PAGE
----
This is a secondary analysis of data from the previously published Cochrane systematic review of audit and feedback. Complete methodological details are available3 and are summarized below. Ethics approval was not required for this study.
Audit and feedback was defined as a “summary of clinical performance of health care over a specified period of time.” This secondary analysis only included RCTs that directly compared audit and feedback (either alone or as the core, essential feature of a multifaceted intervention) to usual care. Furthermore, only RCTs that evaluated effects on provider practice as a primary outcome were included. For ease of interpretation of the meta-regression and cumulative meta-analysis, we further limited studies to those that reported dichotomous outcomes (i.e., compliance with intended professional practice).
Information Sources, Search, and Study Selection
A search strategy sensitive for RCTs involving audit and feedback was applied in December 2010 to the Cochrane Central Register of Controlled Trials, MEDLINE, EMBASE, and CINAHL. As previously described,3 we developed a MEDLINE search strategy that identified 89 % of all MEDLINE indexed studies from the previous version of the review and then translated this strategy into the other databases using the appropriate controlled vocabulary as applicable. Search terms included: audit, benchmarking, feedback, utilization review, health care quality, etcetera, plus typical search terms to focus on RCTs. Two reviewers independently screened the titles, abstracts, and full texts to apply inclusion criteria.
Data Collection Process
Two reviewers independently abstracted data from included studies. Studies included in the previous version of the Cochrane review of audit and feedback were reassessed due to changes in the data abstraction form and methods. Discrepancies were resolved through discussion. For studies lacking extractable data or without baseline information, we contacted investigators via email. Risk of bias for the primary outcome(s) in each study was assessed according to the Cochrane Effective Practice and Organization of Care group criteria10 (sequence generation, allocation concealment, blinding, incomplete outcome data, selective reporting, baseline similarity, lack of contamination, and other). We assigned an overall assessment of the risk of bias for each study as high, moderate, or low, following the recommendations in the Cochrane Handbook.11 Studies with a high risk of bias in at least one domain that decreased the certainty of the effect size of the primary outcome were considered to have a high risk of bias. Conversely, when a study had low risk of bias for each domain, it was deemed low risk of bias overall. Other studies were considered to have unclear risk of bias.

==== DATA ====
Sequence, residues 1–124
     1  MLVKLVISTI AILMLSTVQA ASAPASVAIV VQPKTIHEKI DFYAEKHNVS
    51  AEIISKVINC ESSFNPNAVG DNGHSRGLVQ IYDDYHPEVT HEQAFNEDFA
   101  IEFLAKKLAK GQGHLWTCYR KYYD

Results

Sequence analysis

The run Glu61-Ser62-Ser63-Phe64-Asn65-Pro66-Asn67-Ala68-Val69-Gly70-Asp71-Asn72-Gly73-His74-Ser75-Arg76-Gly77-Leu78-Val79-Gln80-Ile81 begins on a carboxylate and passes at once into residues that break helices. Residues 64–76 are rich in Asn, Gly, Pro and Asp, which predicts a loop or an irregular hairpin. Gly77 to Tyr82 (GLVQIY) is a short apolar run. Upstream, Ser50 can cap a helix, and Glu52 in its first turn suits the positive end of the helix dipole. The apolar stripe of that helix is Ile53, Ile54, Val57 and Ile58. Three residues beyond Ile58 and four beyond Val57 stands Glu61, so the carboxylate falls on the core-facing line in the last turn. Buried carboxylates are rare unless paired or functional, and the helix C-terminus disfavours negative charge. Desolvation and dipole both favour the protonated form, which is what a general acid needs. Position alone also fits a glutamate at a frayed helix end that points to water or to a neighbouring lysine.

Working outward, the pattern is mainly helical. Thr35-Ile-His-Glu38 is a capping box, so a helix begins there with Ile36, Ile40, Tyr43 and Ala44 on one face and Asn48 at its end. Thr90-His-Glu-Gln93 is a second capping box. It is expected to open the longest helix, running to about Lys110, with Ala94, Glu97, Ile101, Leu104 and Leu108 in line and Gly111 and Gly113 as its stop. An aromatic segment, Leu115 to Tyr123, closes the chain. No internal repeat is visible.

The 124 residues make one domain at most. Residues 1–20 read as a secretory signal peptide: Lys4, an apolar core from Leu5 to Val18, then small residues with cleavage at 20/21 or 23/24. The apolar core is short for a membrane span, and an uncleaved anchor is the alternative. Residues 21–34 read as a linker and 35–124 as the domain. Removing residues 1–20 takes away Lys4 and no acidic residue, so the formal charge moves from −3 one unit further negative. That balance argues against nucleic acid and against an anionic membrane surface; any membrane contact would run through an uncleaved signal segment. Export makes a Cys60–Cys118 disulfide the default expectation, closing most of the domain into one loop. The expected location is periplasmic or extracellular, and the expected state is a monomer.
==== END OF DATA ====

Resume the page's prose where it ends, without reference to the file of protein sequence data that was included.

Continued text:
Measure of Treatment Effect
We only extracted results for the primary outcome. When the primary outcome was not specified, we used the variable described in the sample size calculation as the primary outcome. When the primary outcome was still unclear or when the manuscript described several primary process outcomes, we calculated the median value. We calculated the treatment effect as an adjusted risk difference (RD) by subtracting baseline differences from post-intervention differences. Thus, an adjusted RD of +10 % indicates that after accounting for baseline differences, health professionals receiving the intervention adhered to the desired practice 10 % more often than those not receiving the intervention.
Across multiple studies, we weighted the median effect by the number of health care providers. The ‘median of medians’ technique has been used in many similar reviews evaluating the effect of QI interventions on health professional performance,12 due to frequency of unit of analysis errors in the literature and the great variety of clinical contexts covered in the studies. For the cumulative analysis, the median adjusted RD and interquartile range (IQR) was recalculated at each time point as studies were added. The meta-regression examined how the adjusted RD was related to explanatory variables, weighted according to study size (number of health care professionals). Unlike the meta-regression from the Cochrane review of audit and feedback,3 high risk of bias studies were included. The meta-regression also tested the following potential sources of heterogeneity to explain variation in the results of the included studies: format (verbal, written, both, unclear); source (supervisor or senior colleague, professional standards review organization or representative of employer/purchaser, investigators, unclear); frequency (weekly, monthly, less than monthly, one-time); instruction for improvement (explicit measurable target or specific goal but no action plan, action plan with suggestions or advice given to help participants improve but no goal/target, both, neither); direction of change required (increase current behavior, decrease current behavior, mix or unclear); recipient (physician, other health professional); and study risk of bias (high, unclear, low). Meta-regression was conducted for all published trials as of 2010, 2006 and 2002. Finally, we added year of publication as a continuous variable to the meta-regression of all studies as an additional approach to assess whether this variable accounted for a significant portion of the heterogeneity. We conducted a multivariable linear regression using main effects only. Baseline compliance and year of publication were treated as continuous explanatory variables and the others as categorical. The analyses were conducted using the GLIMMIX procedure in SAS Version 9.2 (SAS Institute Inc. Cary, NC USA), accounting for the dependency between comparisons from the same trial.